Ohio State Energy in the News

Climate Change Leading to Water Shortage in Andes, Himalayas

Ohio State News

December 14, 2018

Researchers at The Ohio State University have been studying in the Andes mountains and the Tibetan plateau for decades. The researchers say that glaciers in both of these areas are melting more rapidly than at any point in the last 10,000 years. Finding that rapidly melting glaciers are causing similar problems on these two continents, they seek solutions for the vulnerable residents that rely on glacier water.

Featured expert: Lonnie Thompson, a climate scientist at Ohio State’s Byrd Polar and Climate Research Center.

A study examined why customers remain in TOU programs, and the results were terrible

Utility Dive

December 13, 2018

Nicole Sintov conducts a study for time-of-use (TOU) designs and why customers are choosing that program over others.

Featured expert: Nicole Sintov, an assistant professor of behavior, decision making and sustainability

Water Quality in Rural Ohio

WOSU All Sides

November 15, 2018

In many rural cities across the U.S., residents don’t have access to clean water. Lead, pesticides, and other chemicals continue contaminate wells and public water systems.

Featured expert: panelist Natalie Hull, assistant professor of environmental microbiology

Rattan Lal Honoured with Glinka World Soil Prize 2018

Economic Times

December 6, 2018

Rattan Lal, a distinguished university professor of soil science at the Ohio State University, has won the Glinka World Soil Prize 2018 in a ceremony at the Rome headquarters of the UN's Food and Agriculture Organization (FAO) for his outstanding contribution to sustainable soil management.

ALSO: Northwest Signal: CFAES Scientist Honored on World Soil Day

Ohio State conference to focus on building resilient and sustainable communities

Ohio State News

December 5, 2018

Experts from The Ohio State University and its communities will gather in Columbus, Ohio, in January to work together on solutions to support communities through social, economic and environmental changes.

The Ohio State University 2019 Community Engagement Conference is set for Jan. 23 and 24 in the Ohio Union. The theme this academic year is Partnering for a Resilient and Sustainable Future.

Ohio's First Self-Driving Shuttle Opens to the Public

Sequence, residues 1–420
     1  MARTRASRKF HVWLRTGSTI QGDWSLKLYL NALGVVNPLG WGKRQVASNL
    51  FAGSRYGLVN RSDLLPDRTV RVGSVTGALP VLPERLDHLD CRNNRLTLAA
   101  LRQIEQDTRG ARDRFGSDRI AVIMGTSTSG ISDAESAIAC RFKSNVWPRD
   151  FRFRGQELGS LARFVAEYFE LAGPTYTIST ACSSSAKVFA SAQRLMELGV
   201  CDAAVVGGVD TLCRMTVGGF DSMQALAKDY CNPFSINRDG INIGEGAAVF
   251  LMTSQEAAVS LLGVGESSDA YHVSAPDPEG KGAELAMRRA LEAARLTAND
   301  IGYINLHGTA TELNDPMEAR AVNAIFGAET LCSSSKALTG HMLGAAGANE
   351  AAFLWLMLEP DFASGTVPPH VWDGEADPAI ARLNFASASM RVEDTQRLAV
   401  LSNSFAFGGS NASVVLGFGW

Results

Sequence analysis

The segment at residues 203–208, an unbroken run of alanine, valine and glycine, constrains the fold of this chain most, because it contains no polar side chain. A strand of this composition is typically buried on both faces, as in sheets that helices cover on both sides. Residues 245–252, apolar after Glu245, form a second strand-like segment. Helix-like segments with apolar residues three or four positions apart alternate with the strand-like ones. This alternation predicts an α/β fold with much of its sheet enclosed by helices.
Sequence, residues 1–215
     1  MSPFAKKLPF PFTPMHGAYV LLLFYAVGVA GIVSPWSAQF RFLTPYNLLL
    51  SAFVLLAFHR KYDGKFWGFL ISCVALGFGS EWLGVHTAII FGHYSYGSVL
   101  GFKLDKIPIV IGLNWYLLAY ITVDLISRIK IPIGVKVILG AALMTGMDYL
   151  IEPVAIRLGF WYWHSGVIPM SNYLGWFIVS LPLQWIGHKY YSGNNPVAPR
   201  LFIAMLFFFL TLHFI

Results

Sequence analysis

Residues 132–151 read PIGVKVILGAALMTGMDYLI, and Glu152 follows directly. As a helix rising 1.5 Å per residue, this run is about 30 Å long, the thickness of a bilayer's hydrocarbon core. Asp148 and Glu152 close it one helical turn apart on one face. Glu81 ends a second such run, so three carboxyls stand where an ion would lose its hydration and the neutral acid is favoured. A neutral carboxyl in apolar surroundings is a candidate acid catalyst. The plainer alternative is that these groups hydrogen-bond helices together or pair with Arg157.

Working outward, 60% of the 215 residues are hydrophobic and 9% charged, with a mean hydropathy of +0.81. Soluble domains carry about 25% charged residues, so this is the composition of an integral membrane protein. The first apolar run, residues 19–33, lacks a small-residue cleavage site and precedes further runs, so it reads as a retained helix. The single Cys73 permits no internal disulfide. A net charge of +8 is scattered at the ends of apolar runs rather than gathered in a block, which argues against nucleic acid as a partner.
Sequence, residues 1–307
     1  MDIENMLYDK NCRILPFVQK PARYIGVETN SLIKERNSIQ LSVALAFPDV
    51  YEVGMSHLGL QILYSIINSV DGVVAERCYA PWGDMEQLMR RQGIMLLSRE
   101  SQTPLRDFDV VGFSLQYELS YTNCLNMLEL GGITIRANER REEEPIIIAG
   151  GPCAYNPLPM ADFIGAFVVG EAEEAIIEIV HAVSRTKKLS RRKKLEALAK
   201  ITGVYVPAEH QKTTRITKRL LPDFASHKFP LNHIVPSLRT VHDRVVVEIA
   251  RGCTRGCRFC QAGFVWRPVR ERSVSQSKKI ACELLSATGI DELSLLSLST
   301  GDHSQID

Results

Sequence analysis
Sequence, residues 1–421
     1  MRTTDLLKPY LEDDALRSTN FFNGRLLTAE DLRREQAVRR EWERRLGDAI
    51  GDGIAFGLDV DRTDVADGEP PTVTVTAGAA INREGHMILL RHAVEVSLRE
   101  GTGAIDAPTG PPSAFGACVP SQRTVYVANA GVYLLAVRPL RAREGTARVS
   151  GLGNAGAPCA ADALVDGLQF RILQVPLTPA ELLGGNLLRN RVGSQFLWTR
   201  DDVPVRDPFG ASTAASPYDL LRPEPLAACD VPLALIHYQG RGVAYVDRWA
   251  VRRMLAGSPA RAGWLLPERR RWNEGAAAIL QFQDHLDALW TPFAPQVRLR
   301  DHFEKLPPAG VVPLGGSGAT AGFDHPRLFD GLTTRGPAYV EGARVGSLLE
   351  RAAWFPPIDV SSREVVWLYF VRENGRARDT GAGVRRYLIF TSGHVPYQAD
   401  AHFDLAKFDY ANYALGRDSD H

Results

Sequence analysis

December 5, 2018

…The shuttles offer residents and visitors a hands-on educational experience with self-driving technology. Engineers, researchers and policymakers from Smart Columbus, DriveOhio and The Ohio State University will use the demonstration to inform future deployments of self-driving vehicle technology in Ohio, including a route planned for a Columbus neighborhood, funded by the U.S. Department of Transportation Smart City Challenge grant.

Climate change is making soils saltier, forcing many farmers to find new livelihoods

The Conversation

November 29, 2018

Salt is essential for cooking, but too much salt in soil can ruin crops and render fields useless. Today it would be very expensive and logistically challenging to gather enough salt to render large swaths of land infertile. But that is precisely what climate change is doing in many parts of the world.

As sea levels rise, low-lying coastal areas are increasingly being inundated with saltwater, gradually contaminating the soil. These salts can be dissipated by rainfall, but climate change is also increasing the frequency and severity of extreme weather events, including droughts and heat waves. This leads to more intensive use of groundwater for drinking and irrigation, which further depletes the water table and allows even more salt to leach into soil.

Featured expert: column co-author Joyce Chen, associate professor of development economics

Lake Erie Working Group to Meet

The Press

November 27, 2018

Representatives from six businesses and organizations will provide testimony Nov. 26 before the Toward a Cleaner Lake Erie Working Group Committee of the Ohio legislature.

…Cathan Kress, Dean of the College of Food, Agricultural and Environmental Sciences at the Ohio State University, testified at the meeting and stressed the importance of a multi-disciplinary approach to taking on problems in the lake and the state’s rivers and streams.

Featured expert: Cathan Kress, Dean of the College of Food, Agricultural and Environmental Sciences

Not weeds: Ohio State, Cooper Tire studyrubber-producing dandelions

The Courier

November 19, 2018

At a casual glance, it might sound like mad science: Spending millions of dollars researching how to make a dandelion more fruitful and prolific. But it’s really not the nightmare we might have thought. These dandelions are a distant, feeble cousin of the robust one we try to purge from our lawns.

Featured expert: Katrina Cornish, Ohio research scholar, endowed chair of bioemergent materials, and technical director of the Program of Excellence in Natural Rubber Alternatives

Nonprofit Spotlight: DriveOhio is Paving the Way for Autonomous Vehicles and Other Innovations

Columbus CEO

November 12, 2018

… The state of Ohio, Ohio State University and JobsOhio have invested $45 million in the first phase of the Smart Mobility Advanced Research and Test Center at TRC to test autonomous and connected vehicle technology. TRC President and CEO Brett Roubinek says he sees more companies exploring possibilities, including the insurance industry.

Fate of western Lake Erie under new governors uncertain

Toledo Blade

November 9, 2018

For now, it’s unclear what will happen to western Lake Erie once Gretchen Whitmer and Mike DeWine are sworn in as governors of Michigan and Ohio, respectively.

But those who track algal blooms see great potential for a fresh start and the chance for more bipartisan cooperation.

Featured expert: Chris Winslow, director of Ohio Sea Grant and Stone Laboratory

These Fragile, Futuristic Batteries Run Longer with a Little Oil